Over 10,000 Criminal Cases Handled in the Denver Area

Court: Pot-sniffing dog not enough to conduct car search

On Behalf of | Jul 18, 2017 | Criminal Defense |

Thanks to Amendment 64, Coloradans over the age of 21 can now possess one ounce of less or marijuana for personal use without having to fear criminal prosecution under Colorado law. Unfortunately, though, drug-sniffing dogs may not have received this memo — meaning many may have to be retrained, particularly in light of a recent court opinion.

Last week, the Colorado Court of Appeals issued a decision stating that if a dog has been trained to smell for marijuana in addition to other drugs, then police officers will need more than an alert by the dog before they can conduct a search of a vehicle without permission.

This particular decision is linked to a 2015 incident in which an individual was pulled over by police and a drug-sniffing dog named Kilo alerted the officers of a possible illegal substance. Following this alert, the police conducted a search of the vehicle, during which they allegedly found a glass pipe that contained some white drug residue.

However, the court noted one very big problem with this case; the dog could not indicate whether he smelled marijuana — which is now legal under state law — or some other illegal drug. Specifically, the court stated:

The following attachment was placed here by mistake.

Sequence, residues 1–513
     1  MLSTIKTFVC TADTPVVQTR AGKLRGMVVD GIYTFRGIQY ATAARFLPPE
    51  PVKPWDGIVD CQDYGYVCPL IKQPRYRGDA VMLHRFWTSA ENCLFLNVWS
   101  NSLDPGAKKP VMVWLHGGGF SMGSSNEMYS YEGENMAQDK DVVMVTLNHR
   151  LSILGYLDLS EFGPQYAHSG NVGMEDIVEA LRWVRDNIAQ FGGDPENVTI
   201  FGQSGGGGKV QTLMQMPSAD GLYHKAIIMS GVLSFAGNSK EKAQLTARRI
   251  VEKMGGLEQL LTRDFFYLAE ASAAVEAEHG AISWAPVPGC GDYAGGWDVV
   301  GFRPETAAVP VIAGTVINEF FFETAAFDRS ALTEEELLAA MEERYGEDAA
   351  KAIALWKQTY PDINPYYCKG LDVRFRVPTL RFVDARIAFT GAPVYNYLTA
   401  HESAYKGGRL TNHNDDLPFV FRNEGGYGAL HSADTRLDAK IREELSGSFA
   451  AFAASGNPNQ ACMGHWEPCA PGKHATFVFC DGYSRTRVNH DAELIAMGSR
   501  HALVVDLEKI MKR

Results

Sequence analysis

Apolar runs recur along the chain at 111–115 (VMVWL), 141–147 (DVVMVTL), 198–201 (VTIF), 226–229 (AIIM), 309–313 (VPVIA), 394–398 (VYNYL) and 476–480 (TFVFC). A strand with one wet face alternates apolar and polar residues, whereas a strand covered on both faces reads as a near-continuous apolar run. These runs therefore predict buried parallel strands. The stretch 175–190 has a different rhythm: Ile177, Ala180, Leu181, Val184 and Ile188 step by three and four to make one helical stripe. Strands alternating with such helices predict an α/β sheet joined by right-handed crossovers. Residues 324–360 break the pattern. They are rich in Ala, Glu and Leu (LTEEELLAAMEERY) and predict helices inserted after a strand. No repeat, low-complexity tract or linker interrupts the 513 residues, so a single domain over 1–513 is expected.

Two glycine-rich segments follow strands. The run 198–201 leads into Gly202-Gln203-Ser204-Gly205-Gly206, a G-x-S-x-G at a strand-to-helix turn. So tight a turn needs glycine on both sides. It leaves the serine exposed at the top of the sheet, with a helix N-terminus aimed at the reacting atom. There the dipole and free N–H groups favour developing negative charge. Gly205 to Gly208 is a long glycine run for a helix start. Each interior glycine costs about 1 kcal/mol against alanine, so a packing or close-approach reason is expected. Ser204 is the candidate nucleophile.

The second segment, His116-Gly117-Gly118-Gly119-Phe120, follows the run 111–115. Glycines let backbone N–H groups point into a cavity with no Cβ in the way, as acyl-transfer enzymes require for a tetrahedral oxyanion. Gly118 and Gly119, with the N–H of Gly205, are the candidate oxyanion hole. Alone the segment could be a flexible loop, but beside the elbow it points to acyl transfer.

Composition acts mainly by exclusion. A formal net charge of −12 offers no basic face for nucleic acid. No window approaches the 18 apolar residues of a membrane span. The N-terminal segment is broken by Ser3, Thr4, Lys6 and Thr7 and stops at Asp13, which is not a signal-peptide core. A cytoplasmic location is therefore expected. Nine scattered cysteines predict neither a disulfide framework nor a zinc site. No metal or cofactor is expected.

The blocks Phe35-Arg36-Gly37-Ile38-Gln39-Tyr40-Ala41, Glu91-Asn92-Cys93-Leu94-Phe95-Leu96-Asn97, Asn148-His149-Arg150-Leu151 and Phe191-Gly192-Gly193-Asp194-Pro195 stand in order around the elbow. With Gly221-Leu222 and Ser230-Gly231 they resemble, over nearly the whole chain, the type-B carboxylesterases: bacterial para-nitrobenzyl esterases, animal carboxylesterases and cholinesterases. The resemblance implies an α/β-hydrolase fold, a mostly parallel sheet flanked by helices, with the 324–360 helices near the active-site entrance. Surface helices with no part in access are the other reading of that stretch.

“Because Amendment 64 legalized […] marijuana by persons twenty-one years of age or older in Colorado, it is no longer accurate to say, at least as a matter of state law, that an alert by a dog which can detect marijuana […] can reveal only the presence of “contraband.” A dog sniff could result in an alert with respect to something for which, under Colorado law, a person has a legitimate expectation of privacy, i.e., the possession of one ounce or less of marijuana for personal use.”

The court went on to explain that the police didn’t even have reasonable suspicion to use the drug sniffing dog in the first place, noting that the only facts known to the police before the dog was called were that:

  • The alleged perpetrator was parked outside a house in which drugs were discovered seven weeks before, and
  • The alleged perpetrator had a vehicle passenger who had used meth “at some point in the past.”

Based on these facts, the court ultimately determined that the police didn’t have the “reasonable suspicion” required to conduct the dog sniff, and therefore any illegal drug recovered during this illegal search should be suppressed.